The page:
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6/22/2017 » 6/25/2017
2017 OSAP Annual Conference

2009 H1N1Toolkit

2009 H1N1 Influenza A Virus Toolkit



Swine flu is an infection caused by a virus. It's named for a virus that pigs can get. People do not normally get swine flu, but human infections can and do happen. In 2009 a strain of swine flu called H1N1 infected many people around the world.

The virus is contagious and can spread from human to human. Symptoms of swine flu in people are similar to the symptoms of regular human flu and include fever, cough, sore throat, body aches, headache, chills and fatigue.
There are antiviral medicines you can take to prevent or treat swine flu. There is a vaccine available to protect against swine flu. You can help prevent the spread of germs that cause respiratory illnesses like influenza by
  • Covering your nose and mouth with a tissue when you cough or sneeze. Throw the tissue in the trash after you use it.
  • Washing your hands often with soap and water, especially after you cough or sneeze. You can also use alcohol-based hand cleaners.
  • Avoiding touching your eyes, nose or mouth. Germs spread this way.
  • Trying to avoid close contact with sick people.
  • Staying home from work or school if you are sick.

    Source: MedlinePlus


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Regulations & Guidelines                     


Information on Swine H1N1 Flu Clinical and Public Health GuidanceInfluenza/Variant Influenza Viruses

Mayo Clinic

H1N1 (originally referred to as Swine Flu)


H1N1 influenza (Swine flu)

 CDC Prevention of 2009 H1N1 Influenza Transmission in Dental Health Care Settings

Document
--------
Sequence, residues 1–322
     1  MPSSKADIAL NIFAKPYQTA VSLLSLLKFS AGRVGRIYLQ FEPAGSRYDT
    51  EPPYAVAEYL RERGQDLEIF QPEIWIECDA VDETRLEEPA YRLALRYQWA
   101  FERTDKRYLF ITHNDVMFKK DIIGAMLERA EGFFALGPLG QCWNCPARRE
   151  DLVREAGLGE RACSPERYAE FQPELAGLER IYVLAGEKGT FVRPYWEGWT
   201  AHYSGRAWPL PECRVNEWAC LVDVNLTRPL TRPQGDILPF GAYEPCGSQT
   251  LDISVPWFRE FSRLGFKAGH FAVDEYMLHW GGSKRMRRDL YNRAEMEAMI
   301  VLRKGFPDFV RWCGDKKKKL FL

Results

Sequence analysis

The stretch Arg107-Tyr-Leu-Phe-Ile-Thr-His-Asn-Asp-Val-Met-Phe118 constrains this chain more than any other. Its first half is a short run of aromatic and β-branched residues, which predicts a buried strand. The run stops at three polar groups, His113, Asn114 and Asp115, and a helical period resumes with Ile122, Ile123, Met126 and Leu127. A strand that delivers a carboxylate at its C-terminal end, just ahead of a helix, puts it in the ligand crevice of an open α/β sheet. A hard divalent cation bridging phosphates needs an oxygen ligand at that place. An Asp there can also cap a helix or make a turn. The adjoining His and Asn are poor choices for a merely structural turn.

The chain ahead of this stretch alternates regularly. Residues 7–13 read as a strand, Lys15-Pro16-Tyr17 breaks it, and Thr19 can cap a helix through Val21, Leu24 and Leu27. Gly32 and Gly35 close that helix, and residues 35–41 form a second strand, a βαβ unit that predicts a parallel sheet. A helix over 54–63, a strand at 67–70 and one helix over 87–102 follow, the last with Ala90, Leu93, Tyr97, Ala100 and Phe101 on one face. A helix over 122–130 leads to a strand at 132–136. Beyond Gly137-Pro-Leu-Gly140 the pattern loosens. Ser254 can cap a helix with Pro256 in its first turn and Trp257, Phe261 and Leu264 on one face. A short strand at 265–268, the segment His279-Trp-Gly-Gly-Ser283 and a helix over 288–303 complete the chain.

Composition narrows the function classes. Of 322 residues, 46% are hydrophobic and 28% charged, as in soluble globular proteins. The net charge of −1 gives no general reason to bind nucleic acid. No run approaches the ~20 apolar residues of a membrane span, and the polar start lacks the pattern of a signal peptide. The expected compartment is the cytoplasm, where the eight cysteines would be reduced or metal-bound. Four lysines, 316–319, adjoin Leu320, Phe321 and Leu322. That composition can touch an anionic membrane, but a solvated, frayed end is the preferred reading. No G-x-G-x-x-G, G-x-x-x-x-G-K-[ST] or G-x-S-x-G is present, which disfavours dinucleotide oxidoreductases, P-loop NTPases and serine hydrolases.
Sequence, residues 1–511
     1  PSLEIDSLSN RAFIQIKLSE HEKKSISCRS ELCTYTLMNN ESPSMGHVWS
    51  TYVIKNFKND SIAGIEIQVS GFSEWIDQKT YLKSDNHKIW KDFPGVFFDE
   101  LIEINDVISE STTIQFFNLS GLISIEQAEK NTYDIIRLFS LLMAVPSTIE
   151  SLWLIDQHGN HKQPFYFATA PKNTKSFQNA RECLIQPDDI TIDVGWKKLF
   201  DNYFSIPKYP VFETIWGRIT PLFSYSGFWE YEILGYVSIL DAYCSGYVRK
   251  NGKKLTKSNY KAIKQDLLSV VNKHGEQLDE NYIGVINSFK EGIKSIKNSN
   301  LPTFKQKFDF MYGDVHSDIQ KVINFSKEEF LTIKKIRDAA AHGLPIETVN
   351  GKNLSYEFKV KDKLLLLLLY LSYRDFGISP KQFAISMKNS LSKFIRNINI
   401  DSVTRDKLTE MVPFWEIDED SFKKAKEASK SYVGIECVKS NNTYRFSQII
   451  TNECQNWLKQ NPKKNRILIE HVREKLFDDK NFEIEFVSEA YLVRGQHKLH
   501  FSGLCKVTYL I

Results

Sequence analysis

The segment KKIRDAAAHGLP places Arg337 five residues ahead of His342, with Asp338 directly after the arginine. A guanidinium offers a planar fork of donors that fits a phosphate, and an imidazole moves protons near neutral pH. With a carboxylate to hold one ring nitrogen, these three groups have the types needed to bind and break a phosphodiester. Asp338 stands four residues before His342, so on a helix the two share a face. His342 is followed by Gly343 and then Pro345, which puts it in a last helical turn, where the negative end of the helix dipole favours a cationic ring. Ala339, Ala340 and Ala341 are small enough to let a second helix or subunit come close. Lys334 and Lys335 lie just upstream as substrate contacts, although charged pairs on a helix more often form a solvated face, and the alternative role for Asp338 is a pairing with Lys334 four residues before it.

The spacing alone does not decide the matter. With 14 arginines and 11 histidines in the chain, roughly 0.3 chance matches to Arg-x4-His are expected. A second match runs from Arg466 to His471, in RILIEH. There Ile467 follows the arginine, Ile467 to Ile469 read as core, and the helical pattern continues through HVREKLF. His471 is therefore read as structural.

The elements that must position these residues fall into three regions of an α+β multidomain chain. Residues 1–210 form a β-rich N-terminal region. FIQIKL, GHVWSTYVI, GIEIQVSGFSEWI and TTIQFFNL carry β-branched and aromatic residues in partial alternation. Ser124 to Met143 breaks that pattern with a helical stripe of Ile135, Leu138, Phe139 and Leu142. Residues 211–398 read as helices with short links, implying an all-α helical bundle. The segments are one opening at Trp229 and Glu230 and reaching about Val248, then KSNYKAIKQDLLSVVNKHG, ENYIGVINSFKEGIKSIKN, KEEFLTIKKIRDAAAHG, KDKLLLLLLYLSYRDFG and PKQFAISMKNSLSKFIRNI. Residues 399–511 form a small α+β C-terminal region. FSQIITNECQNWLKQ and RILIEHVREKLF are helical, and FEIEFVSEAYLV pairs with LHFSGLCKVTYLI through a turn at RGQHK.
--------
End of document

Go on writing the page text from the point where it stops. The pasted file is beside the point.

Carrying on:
CDC H1N1 Flu Clinical and Public Health Guidance
 EPA Guidance for Testing and Labeling Claims against Pandemic 2009 H1N1 Influenza A Virus (Formerly called Swine Flu )
 NIOSH Occupational Health Issues Associated with H1N1 Influenza Virus (Swine Flu)

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Best Practices                  
Key Learnings as of April 2017

Exposure to 2009 H1N1 influenza virus occurs in household, community, and occupational settings, and transmission is thought to occur through droplet exposure of mucosal surfaces; through indirect contact, usually via the hands, with respiratory secretions from an infectious patient or contaminated surface; and through inhalation of small particle aerosols in the vicinity of the infectious individual.

Source: CDC

Related Articles

(1) Transmission of Avian Influenza A Viruses Between Animals and People

(2) H1N1 2009 Pandemic Influenza

(3) Respiratory Protection for Healthcare Workers in the Workplace Against Novel H1N1 Influenza A: A Letter Report 

(4) Study Finds Inadequate Mask Use Among Healthcare Workers Early in 2009 H1N1 Outbreak

(5) Swine-origin H1N1 influenza A virus and dental practice: a critical review


(1) WHO - Pandemic H1N1 (2009) Outbreak

(2) H1N1 (originally referred to as Swine Flu)

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Instructional Resources                  
Fact Sheets

(1) Respiratory Hygiene/Cough Etiquette in Healthcare Settings

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Patient Resources               



Colds and the Flu | H1N1 Influenza

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